End your visit with a beer or meal in the charming little square near 20 rue Mouffetard. You might be tempted by the ice-cream shop there too!
The two oldest buildings in Paris: This house (photo on left) at 51 rue Montmorency in the 3rd district of Paris which belonged to Nicolas Flamel, is reputed to be the oldest building in Paris. It was built in the year 1407, as a plaque outside the building testifies.
Another building put forward by many as the oldest construction in Paris is the one at 3 rue Volta about 500 meters away (photo on right) which however has no official record of when it was built.
*Another typical French market is conveniently situated at the exit of the Rennes metro station (Line 12). It is only open on Tuesday and Friday mornings.
Montmartre is home to the Sacré Coeur Basilica and the artists' corner at la Place du Tertre.
Climb up the little hill for a closer look at the majestic basilica of the Sacred Heart (La basilique du Sacré Coeur) and fill your lungs with the pollution-free air.
If you are too tired to climb up the little hill then take the shortest funicular train ride in the world (it takes just one minute to reach the top!)
Once there, don't miss the nearby artists' corner at Place du Tertre which is always animated. You can have your portrait done by one of the artists there.
Rue Montorgueil: another cool place to have lunch
When you come out of the Sentier underground station (Line 3) take Exit 2 (Rue des Petits Carreaux) and you will see this leafy arch which is the entrance to Rue Montorgueil.
A general view of the pedestrian street at Rue Montorgueil. More and more tourists are discovering the joys of strolling along this quiet little street which is full of life, especially around noon.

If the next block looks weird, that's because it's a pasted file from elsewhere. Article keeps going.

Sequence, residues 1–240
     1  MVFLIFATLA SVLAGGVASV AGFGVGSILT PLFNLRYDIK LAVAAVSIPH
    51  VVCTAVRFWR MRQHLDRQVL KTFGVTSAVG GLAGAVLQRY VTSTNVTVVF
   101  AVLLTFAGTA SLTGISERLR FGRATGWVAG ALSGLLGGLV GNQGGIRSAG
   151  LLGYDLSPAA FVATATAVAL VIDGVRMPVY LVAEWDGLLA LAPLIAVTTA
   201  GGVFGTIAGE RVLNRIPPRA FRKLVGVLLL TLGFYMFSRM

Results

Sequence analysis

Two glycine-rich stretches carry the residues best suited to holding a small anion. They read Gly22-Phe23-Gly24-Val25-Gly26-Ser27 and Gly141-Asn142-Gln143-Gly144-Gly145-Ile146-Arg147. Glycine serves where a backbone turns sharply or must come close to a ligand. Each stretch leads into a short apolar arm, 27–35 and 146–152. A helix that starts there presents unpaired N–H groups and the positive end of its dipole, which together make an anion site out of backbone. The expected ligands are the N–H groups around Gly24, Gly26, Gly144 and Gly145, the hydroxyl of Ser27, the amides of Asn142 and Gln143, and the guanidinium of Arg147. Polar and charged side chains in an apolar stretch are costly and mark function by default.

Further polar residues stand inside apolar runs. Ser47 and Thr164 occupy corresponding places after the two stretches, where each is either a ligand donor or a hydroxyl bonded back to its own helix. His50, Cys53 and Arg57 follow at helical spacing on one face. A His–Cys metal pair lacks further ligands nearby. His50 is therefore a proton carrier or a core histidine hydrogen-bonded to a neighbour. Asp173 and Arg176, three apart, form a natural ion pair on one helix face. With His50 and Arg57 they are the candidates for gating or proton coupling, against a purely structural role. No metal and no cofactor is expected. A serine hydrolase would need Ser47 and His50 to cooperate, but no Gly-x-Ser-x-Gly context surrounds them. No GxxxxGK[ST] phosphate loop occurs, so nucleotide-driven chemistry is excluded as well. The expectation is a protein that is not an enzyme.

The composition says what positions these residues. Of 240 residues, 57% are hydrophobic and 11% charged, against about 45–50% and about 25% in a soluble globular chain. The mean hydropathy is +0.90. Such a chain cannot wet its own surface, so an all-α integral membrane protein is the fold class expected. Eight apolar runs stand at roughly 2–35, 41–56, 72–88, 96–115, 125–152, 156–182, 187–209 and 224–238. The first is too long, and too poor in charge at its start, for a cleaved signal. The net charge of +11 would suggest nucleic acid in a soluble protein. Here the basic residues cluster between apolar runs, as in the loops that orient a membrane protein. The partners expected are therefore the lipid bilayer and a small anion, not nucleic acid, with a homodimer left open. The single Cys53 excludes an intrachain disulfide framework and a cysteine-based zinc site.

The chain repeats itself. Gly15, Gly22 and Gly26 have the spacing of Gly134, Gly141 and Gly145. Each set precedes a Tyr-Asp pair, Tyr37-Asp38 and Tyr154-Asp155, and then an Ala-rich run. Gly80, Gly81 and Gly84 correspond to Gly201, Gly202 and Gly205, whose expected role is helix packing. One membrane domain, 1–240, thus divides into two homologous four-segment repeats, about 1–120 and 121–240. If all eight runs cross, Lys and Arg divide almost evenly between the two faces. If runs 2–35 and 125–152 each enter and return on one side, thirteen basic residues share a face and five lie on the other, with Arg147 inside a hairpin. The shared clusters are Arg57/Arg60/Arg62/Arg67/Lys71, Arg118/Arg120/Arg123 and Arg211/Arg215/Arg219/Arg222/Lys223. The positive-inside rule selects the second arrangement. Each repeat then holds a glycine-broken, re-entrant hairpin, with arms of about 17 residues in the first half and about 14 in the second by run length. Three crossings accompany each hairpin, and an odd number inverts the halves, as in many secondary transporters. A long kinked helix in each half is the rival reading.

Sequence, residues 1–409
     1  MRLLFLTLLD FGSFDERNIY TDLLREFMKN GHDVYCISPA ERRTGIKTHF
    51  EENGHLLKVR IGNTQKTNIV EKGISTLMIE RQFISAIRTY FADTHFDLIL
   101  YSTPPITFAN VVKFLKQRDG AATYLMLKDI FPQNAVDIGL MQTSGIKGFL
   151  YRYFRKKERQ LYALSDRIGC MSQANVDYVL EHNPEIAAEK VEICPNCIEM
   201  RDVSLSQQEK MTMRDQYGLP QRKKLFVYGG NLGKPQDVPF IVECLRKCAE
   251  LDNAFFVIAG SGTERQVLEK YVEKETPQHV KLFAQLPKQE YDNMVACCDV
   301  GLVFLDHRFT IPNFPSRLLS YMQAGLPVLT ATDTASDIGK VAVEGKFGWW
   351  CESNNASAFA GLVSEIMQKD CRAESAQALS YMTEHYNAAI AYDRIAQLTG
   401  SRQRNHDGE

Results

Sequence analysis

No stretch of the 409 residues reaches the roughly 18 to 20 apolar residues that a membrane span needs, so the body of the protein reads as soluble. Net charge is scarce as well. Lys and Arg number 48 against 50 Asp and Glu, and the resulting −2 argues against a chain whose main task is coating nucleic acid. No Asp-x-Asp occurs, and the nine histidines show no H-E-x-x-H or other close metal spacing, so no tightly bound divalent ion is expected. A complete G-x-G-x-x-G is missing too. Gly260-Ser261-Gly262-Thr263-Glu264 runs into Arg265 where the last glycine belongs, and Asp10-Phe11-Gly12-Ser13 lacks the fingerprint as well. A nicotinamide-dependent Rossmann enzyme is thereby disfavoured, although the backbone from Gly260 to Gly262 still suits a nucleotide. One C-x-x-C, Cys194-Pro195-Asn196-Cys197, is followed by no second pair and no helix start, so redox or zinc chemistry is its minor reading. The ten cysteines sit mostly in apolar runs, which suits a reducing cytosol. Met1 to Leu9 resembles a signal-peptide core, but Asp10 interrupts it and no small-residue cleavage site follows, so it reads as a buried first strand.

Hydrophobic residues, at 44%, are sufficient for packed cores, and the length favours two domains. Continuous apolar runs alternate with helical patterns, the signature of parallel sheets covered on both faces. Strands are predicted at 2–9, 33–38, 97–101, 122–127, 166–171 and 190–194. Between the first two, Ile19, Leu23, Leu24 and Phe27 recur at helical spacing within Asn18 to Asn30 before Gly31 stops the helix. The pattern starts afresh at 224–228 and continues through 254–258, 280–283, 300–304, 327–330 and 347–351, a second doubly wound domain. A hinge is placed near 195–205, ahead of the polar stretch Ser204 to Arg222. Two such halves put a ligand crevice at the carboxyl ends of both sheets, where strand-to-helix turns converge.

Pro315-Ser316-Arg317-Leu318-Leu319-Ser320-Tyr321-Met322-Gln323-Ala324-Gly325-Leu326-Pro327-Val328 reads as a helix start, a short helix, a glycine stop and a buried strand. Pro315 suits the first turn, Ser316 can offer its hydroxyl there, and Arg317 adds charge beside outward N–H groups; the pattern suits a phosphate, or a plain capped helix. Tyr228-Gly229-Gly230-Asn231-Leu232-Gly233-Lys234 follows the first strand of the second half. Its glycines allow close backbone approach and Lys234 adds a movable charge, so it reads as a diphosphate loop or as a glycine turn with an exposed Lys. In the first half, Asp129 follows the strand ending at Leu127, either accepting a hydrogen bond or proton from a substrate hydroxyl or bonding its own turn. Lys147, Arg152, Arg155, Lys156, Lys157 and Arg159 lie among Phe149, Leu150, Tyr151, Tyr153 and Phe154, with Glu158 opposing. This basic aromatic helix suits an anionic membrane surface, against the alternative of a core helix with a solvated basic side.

This is a cool place to have lunch on a sunny day. The street being prohibited to traffic you are even able to eat in the middle of the street in one of the numerous alfresco restaurants there.
A cruise along the Seine River in a bateau mouche (river boat) would make your Paris holiday unforgettable. There is also a dinner-cruise if you can afford it.
One of the numerous restaurants selling fallafel, regarded as Israel's national food, in the Jewish quarter at Rue des Rosiers near the St-Paul subway station.
An African market selling manioc and tilapia fish in Chateau Rouge. A stroll here will make you feel that you are in Senegal or another African country.
The Josephine Baker swimming pool "floats" on the Seine River.
La Place des Vosges in Le Marais is steeped in French history.
Bercy's undulating bridge gives an avant-garde look to the area.
SURVIVAL FRENCH: I do not understand = Je ne comprends pas (Don't pronounce the s)
Excuse me = Pardon*
Do you speak English? = Vous parlez anglais? Please = S'il vous plait OK = D'accord (Don't pronounce the d at the end of a word)
How much? = Combien? Too expensive = Trop cher (Don't pronounce the p at the end of a word)
Where is it? = Où? (pronounced oo)
*but if you are trying to get out of the subway and find a human barrier before you, better shout La porte, s'il vous plait! (= "I'm getting off", though literally it means "Door, please!")